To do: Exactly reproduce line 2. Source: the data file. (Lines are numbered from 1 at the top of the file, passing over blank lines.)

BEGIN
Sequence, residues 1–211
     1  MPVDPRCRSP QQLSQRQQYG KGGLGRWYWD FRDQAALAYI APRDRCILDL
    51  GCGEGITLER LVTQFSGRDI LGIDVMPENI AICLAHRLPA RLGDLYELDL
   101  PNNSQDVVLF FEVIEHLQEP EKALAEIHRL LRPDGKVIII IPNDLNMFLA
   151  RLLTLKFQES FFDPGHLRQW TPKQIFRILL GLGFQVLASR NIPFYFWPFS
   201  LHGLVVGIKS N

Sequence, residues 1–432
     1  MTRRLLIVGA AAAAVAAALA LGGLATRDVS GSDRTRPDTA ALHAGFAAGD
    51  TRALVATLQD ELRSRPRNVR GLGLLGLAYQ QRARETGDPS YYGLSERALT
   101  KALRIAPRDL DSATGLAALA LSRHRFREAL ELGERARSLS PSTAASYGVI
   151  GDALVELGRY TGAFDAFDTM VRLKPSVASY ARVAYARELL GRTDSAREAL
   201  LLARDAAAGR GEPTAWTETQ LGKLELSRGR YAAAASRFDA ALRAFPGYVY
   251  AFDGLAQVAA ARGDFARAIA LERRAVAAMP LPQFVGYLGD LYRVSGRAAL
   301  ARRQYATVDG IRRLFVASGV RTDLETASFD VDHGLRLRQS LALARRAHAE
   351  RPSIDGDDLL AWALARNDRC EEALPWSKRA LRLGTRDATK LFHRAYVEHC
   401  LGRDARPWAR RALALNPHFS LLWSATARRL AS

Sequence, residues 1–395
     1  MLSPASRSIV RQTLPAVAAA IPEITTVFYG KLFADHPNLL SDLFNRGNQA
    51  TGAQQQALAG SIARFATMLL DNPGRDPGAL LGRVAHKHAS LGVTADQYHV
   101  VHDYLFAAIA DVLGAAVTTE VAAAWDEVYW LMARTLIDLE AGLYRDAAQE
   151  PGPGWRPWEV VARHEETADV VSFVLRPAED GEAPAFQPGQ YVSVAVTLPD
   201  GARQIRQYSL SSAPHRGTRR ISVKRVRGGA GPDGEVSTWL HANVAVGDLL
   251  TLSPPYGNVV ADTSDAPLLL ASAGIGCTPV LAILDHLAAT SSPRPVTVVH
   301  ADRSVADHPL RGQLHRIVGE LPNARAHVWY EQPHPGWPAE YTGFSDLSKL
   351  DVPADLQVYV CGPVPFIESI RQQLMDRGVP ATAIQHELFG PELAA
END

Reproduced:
     1  MPVDPRCRSP QQLSQRQQYG KGGLGRWYWD FRDQAALAYI APRDRCILDL